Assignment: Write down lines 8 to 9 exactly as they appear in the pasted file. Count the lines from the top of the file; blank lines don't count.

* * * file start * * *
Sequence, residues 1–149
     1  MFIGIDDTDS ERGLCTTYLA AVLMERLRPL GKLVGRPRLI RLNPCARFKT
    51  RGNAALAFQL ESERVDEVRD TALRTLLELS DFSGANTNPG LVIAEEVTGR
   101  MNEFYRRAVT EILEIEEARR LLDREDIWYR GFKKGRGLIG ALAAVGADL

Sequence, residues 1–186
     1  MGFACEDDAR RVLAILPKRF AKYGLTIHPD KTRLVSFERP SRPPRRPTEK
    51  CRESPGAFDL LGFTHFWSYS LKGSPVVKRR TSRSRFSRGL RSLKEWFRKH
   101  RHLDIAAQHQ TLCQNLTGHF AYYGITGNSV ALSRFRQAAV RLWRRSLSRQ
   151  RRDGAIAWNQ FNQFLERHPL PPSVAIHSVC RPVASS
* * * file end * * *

   101  RHLDIAAQHQ TLCQNLTGHF AYYGITGNSV ALSRFRQAAV RLWRRSLSRQ
   151  RRDGAIAWNQ FNQFLERHPL PPSVAIHSVC RPVASS